Tag Archives: Republican leadership

Republican leaders to introduce tax increase

Failure theater: The Republican leadership in Congress is about to introduce tax increase, increasing the tax rate for the lowest bracket from 10% to 12%, while making believe that it really is a tax cut.

The plan will also increase the tax deduction, which they will then claim means that the tax increase really doesn’t matter.

They really have an utter contempt for the people who voted for them, not unlike the utter contempt being shown right now by the NFL to its customer base. Well, if you spit on your supporters don’t expect them to support you much longer.

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In new Obamacare vote, Republican leaders offering bribes

Finding out what’s in it, part 2: The Senate Republican leadership is offering Senator Lisa Murkowsky (R-Alaska) specific rewrites favoring just Alaska in order to buy her vote on their new attempt to revise Obamacare.

The bribe includes three provisions, but this one I think is most corrupt:

Alaska (along with Hawaii) will continue to receive Obamacare’s premium tax credits while they are repealed for all other states. It appears this exemption will not affect Alaska receiving its state allotment under the new block grant in addition to the premium tax credits.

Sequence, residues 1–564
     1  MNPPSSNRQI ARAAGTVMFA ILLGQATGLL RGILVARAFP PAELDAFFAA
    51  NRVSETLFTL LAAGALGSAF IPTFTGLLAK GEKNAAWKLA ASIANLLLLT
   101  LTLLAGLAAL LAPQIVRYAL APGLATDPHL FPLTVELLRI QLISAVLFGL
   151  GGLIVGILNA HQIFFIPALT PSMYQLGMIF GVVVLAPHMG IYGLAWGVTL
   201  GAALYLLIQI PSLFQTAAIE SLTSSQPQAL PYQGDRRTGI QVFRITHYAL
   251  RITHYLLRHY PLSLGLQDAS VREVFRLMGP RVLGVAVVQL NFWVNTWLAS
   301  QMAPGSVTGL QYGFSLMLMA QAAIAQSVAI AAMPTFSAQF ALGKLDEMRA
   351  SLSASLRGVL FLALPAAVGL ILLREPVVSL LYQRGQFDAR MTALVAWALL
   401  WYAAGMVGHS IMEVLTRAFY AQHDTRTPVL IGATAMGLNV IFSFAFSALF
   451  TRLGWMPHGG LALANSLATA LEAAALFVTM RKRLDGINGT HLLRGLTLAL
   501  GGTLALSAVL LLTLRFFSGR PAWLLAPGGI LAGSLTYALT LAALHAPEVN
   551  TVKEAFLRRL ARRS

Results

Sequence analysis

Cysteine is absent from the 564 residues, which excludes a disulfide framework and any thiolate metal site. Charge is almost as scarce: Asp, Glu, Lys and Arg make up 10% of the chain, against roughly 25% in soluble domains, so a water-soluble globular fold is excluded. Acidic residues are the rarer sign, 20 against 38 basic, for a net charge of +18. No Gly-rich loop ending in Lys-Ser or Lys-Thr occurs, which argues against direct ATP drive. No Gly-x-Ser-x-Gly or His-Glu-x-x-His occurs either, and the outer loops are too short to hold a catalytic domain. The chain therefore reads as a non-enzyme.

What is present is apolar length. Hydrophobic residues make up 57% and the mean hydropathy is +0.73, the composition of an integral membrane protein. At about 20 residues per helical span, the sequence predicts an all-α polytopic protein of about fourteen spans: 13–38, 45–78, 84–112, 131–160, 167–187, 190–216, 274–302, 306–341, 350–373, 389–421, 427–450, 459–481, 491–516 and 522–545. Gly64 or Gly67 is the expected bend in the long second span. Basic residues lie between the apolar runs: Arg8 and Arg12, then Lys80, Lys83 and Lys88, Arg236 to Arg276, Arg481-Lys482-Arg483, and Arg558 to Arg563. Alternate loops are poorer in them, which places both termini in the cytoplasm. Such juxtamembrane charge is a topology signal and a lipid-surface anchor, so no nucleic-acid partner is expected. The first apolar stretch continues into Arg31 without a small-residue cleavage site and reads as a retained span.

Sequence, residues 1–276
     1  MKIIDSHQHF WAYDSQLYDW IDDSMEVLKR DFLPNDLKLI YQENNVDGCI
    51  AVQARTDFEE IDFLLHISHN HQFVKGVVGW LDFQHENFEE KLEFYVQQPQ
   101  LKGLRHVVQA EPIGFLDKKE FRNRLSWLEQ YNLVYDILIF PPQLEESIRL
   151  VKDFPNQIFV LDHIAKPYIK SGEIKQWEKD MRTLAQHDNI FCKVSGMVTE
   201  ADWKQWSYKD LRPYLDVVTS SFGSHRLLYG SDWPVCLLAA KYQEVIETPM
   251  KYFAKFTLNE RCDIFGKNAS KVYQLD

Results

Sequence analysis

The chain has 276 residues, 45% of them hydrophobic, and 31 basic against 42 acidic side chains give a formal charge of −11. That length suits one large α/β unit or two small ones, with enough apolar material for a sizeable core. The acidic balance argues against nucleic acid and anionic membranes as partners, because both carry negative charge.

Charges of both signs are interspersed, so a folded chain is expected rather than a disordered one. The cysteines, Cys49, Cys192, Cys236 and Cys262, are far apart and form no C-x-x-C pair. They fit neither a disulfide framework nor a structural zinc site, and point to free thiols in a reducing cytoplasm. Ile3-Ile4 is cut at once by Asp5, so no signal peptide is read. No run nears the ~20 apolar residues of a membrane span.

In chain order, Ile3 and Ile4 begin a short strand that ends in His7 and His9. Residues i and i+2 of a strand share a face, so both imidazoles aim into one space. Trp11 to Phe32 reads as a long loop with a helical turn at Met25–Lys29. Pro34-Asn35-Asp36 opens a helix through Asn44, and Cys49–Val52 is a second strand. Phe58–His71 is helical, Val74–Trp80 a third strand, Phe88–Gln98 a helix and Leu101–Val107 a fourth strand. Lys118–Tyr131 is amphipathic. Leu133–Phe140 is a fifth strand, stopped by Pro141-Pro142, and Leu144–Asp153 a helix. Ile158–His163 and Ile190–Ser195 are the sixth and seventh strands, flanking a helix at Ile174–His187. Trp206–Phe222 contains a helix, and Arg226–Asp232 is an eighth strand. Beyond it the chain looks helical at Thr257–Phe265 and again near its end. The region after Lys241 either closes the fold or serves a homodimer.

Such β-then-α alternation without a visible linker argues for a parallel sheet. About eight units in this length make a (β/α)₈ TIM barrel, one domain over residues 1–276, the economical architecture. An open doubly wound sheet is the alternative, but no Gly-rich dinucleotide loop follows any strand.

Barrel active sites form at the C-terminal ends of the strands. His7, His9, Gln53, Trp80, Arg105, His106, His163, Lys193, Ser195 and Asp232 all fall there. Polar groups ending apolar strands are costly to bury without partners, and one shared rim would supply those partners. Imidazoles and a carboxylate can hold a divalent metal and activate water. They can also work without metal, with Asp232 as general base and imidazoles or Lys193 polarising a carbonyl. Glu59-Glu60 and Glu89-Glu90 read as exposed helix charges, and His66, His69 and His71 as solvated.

There are also some indications that this secret bill for which no text has been made public, as far as I can tell, also keeps the Obamacare requirement that insurance companies will not be allowed to deny anyone insurance no matter how sick they are. This is the provision that is essentially bankrupting the industry and forcing premiums to skyrocket. By keeping it, these Republicans reveal their overall support for Obamacare.

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Republican health tweak of Obamacare dead, Senate to vote for straight repeal

This is a victory: The Republican leadership in the Senate, lacking the votes to pass their own version of Obamacare, have decided to instead go for full repeal.

Senate Majority Leader Mitch McConnell bowed to pressure tonight from conservatives — and President Trump — to bring up a straight repeal of most of the Affordable Care Act as the next step now that the Senate health care bill appears to be dead. It will be based on the repeal bill Congress passed in 2015, which then-President Barack Obama vetoed.

His statement: “Regretfully, it is now apparent that the effort to repeal and immediately replace the failure of Obamacare will not be successful. So, in the coming days, the Senate will vote to take up … a repeal of Obamacare with a two-year delay to provide for a stable transition period to a patient-centered health care system that gives Americans access to quality, affordable health care.”

McConnell’s hand was forced when two conservative senators, Mike Lee (R-Utah) and Jerry Moran (R-Kansas) announced earlier today that they would not vote for the bill.

This is what they should have done from the beginning. Granted, it is likely to fail because of Democratic opposition, but then it will be clear going into the next election who is standing in the way of fixing the problem. Had they passed any version of their turkey of a bill, the health insurance business would have continued to fail, but they would no longer have had clean hands. It would have become their problem, and it would have cost them votes in 2018.